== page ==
By Jim Boyce
Call it Frankenwine.
According to the The Daily Telegraph, a system is being developed in China that usesÂ electrical equipment to speed the aging process of wine, “turning young wine from an undrinkable bitter grape juice into a quaffable beverage fit for any table.”
A team led by Xin An Zeng, a chemist at the South China University of Technology in Guangzhou, came up with the idea of pumping the rough wine through a pipe that ran between two titanium electrodes, connected to the mains.
For the test wine, the team selected a three-month-old cabernet sauvignon from the Suntime Winery, China’s largest producer.
Batches of wine spent one, three or eight minutes in the electric fields.
The team then analysed the treated wine for chemical changes that might alter its “mouth feel” and quality, and passed it to a panel of 12 experienced wine tasters who assessed it in a blind tasting
With the gentlest treatment, the harsh, astringent wine grew softer. Longer exposure saw some of the hallmarks of ageing emerge â€“ a more mature “nose”, better balance and greater complexity.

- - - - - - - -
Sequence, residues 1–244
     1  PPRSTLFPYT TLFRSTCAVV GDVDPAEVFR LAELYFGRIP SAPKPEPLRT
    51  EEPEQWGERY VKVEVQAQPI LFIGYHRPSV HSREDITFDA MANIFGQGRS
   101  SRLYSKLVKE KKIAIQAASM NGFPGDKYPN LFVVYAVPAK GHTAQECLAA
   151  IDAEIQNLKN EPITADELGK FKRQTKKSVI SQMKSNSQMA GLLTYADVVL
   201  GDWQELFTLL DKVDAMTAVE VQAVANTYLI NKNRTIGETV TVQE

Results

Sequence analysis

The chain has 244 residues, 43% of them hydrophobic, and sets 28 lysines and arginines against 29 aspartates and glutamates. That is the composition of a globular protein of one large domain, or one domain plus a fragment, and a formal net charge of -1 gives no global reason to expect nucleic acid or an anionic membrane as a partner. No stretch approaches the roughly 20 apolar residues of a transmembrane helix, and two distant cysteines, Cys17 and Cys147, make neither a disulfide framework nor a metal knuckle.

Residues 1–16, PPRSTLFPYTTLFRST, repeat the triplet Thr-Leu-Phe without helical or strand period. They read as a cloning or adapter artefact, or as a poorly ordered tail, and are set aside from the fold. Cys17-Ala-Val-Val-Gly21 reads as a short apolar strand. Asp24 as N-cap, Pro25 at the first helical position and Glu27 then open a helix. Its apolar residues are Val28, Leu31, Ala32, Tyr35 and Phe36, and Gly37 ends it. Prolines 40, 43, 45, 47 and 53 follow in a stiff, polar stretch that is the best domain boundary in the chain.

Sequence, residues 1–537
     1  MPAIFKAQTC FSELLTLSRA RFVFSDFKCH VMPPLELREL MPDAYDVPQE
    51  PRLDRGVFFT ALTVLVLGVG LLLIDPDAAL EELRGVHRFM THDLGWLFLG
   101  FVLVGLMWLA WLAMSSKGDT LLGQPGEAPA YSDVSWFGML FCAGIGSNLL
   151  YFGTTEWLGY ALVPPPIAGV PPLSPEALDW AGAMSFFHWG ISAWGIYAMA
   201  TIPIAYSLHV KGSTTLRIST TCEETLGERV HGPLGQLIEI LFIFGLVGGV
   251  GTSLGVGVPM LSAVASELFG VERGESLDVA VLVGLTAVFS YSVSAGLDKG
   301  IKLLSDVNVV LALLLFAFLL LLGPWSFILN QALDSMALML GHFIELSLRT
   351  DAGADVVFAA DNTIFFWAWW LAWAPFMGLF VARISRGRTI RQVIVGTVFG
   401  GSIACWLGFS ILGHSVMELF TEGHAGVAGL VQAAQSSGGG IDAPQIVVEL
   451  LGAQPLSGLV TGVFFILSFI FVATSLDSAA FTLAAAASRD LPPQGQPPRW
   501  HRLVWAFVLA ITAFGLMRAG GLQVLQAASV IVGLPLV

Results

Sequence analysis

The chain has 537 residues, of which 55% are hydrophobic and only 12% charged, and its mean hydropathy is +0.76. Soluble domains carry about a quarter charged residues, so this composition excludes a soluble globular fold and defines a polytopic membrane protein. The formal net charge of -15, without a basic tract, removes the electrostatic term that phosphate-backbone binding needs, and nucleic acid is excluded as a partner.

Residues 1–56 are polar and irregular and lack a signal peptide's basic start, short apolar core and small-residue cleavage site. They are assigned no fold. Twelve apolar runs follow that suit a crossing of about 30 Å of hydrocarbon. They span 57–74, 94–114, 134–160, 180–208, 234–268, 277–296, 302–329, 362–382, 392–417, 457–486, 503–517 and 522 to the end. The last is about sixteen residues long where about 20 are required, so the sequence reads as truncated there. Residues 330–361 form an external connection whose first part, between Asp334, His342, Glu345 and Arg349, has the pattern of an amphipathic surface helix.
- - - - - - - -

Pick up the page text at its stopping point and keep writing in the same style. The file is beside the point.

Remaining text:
The improvements reached their peak after 3 minutes at 600 volts per centimetre: this left the wine well balanced and harmonious, with a nose of an aged wine and, importantly, still recognisably a cabernet sauvignon.
One of these titanium electrode gizmos would make an excellent Christmas gift, especially if it can also be used to age cheese.
Hat tip to D. Wolf for the story.
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